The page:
/or/ distinctions and more

Laurence Horn laurence.horn at YALE.EDU
Thu Apr 13 14:13:27 UTC 2000

If a northeasterner's perspective is of interest, HORSE and HOARSE are
homophones for me (and for most northeastern students in our dialects
class) but COT and CAUGHT are sharply distinguished.  I suspect that the
voiceless WH is on its way out--as a New Yorker, I never distinguished
'which' and 'witch' except metalinguistically to disambiguate them--but it
survives in pockets up here.  My wife, who grew up in Connecticut half a
century ago, retains the distinction, but our kids, who are currently
growing up in Connecticut, don't.


At 8:50 AM -0400 4/13/00, Bethany K. Dumas wrote:
>On Thu, 13 Apr 2000, Natalie Maynor wrote:
>>> Earlier somoene suggested that I am the last living speaker who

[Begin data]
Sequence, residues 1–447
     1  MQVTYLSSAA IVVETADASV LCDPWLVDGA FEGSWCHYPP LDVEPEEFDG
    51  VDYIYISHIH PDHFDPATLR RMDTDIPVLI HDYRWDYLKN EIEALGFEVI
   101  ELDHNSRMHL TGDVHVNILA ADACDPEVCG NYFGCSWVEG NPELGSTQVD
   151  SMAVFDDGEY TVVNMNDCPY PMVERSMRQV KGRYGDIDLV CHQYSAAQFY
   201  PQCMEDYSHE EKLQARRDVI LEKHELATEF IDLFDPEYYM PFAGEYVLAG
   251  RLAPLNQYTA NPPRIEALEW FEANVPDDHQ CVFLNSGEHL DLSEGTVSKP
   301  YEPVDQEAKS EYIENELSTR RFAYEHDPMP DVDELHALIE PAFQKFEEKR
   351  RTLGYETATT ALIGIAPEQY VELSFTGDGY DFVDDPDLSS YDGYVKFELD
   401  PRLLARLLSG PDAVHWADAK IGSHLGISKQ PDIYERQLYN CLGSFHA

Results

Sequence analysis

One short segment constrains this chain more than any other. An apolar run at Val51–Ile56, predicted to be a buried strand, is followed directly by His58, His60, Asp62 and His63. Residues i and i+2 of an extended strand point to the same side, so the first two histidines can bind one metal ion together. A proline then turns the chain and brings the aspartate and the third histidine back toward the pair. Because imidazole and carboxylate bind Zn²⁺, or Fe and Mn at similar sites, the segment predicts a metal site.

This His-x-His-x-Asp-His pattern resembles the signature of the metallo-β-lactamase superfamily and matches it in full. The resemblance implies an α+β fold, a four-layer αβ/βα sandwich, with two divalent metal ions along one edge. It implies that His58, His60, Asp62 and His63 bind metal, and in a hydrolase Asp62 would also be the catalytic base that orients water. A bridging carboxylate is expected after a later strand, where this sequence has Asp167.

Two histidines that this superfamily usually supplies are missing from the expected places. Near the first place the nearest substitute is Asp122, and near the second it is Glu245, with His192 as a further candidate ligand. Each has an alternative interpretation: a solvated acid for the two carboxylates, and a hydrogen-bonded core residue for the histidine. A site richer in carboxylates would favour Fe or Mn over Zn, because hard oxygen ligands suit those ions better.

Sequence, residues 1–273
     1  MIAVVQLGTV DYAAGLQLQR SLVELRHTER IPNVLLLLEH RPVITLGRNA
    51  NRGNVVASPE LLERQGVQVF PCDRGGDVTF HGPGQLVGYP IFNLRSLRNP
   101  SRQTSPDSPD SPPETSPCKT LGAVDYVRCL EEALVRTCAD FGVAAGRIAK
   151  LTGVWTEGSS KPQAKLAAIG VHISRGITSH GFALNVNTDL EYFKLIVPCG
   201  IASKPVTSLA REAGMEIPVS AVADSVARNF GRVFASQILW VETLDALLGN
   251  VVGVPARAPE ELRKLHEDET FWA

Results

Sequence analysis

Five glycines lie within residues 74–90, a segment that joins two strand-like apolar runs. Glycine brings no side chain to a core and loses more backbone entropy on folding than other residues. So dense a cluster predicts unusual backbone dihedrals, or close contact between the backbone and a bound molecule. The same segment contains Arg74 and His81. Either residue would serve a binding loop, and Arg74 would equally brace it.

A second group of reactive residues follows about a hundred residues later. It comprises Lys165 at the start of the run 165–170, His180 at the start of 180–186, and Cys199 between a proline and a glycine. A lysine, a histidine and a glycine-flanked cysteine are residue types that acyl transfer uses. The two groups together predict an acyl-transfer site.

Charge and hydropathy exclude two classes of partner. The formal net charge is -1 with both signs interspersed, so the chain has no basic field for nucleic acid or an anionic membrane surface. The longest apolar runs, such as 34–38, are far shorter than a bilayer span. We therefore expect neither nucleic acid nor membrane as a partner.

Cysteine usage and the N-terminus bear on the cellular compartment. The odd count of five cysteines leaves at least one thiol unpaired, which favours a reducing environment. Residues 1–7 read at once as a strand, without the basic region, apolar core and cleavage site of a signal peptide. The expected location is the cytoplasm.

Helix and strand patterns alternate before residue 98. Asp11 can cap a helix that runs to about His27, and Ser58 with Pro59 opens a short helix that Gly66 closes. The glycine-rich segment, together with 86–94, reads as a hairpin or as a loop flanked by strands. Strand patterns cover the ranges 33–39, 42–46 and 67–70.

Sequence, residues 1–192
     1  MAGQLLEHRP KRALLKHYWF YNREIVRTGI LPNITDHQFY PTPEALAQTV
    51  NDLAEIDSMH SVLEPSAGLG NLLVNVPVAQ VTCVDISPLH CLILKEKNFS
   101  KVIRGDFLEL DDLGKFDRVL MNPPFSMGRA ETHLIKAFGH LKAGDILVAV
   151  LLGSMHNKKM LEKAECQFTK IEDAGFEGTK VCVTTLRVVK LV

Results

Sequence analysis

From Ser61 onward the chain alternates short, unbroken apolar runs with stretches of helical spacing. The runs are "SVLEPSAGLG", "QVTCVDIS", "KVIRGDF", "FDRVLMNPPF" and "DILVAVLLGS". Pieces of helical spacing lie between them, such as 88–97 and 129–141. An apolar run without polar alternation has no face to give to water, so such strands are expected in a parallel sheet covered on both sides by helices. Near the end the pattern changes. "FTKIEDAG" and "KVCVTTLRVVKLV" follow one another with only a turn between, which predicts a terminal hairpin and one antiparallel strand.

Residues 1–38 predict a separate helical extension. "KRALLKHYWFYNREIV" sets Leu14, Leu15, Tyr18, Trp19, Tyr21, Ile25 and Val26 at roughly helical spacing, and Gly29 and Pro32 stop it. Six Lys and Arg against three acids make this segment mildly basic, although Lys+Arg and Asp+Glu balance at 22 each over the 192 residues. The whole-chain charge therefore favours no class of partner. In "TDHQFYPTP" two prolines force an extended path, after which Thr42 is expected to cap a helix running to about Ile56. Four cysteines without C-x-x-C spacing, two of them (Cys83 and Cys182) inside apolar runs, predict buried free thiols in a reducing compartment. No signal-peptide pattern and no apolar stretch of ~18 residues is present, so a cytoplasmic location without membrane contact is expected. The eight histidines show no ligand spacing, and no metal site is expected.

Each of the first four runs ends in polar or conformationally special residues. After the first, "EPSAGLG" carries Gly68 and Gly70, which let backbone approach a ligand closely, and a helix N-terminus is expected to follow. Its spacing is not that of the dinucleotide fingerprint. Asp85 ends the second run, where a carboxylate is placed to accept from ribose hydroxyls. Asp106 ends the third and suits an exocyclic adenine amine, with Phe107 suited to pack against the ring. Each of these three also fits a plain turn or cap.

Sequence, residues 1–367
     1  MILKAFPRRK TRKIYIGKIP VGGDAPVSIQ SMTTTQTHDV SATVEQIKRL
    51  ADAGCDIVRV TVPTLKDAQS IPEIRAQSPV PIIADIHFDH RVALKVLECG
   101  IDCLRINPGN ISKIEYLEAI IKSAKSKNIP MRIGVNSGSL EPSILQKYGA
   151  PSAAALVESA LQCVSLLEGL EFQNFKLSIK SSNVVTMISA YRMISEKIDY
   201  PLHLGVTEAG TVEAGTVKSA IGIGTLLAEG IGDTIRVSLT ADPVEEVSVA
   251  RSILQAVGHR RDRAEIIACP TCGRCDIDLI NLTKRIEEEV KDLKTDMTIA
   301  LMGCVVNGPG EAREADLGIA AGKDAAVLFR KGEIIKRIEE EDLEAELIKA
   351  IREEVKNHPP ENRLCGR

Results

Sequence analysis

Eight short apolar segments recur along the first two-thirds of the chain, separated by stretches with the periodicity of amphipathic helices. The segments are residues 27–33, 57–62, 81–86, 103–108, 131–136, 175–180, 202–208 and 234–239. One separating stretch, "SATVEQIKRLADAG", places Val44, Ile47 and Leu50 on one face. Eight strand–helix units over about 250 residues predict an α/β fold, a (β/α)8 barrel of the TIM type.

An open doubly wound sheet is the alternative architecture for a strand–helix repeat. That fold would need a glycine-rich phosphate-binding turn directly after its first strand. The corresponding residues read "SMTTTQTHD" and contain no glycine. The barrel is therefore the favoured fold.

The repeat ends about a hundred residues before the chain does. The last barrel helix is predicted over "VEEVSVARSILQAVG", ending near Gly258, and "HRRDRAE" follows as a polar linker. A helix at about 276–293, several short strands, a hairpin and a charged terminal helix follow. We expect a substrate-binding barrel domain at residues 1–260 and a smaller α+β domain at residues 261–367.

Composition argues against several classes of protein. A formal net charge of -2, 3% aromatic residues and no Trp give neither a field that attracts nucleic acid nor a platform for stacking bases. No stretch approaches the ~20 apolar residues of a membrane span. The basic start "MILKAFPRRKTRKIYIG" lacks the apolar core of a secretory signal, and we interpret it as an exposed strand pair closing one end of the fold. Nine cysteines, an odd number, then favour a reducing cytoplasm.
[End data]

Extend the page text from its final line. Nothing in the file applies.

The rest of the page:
>>> distinguishes horse - hoarse. I also distinguish cot - caught etc.
>>The cot/caught distinction is alive and well in Mississippi, but
>>there are few horse/hoarse distinguishers.  (That's my unscientific
>>observation -- no real research.  I think it's a pretty accurate
>>observation, though, based on both what my ears tell me and on
>>discussions of these matters with students.)
>>On a phonologically different subject but on the relic thread, I'm
>>beginning to wonder if I might end up as the last living which/witch
>Nope. There are two of us.

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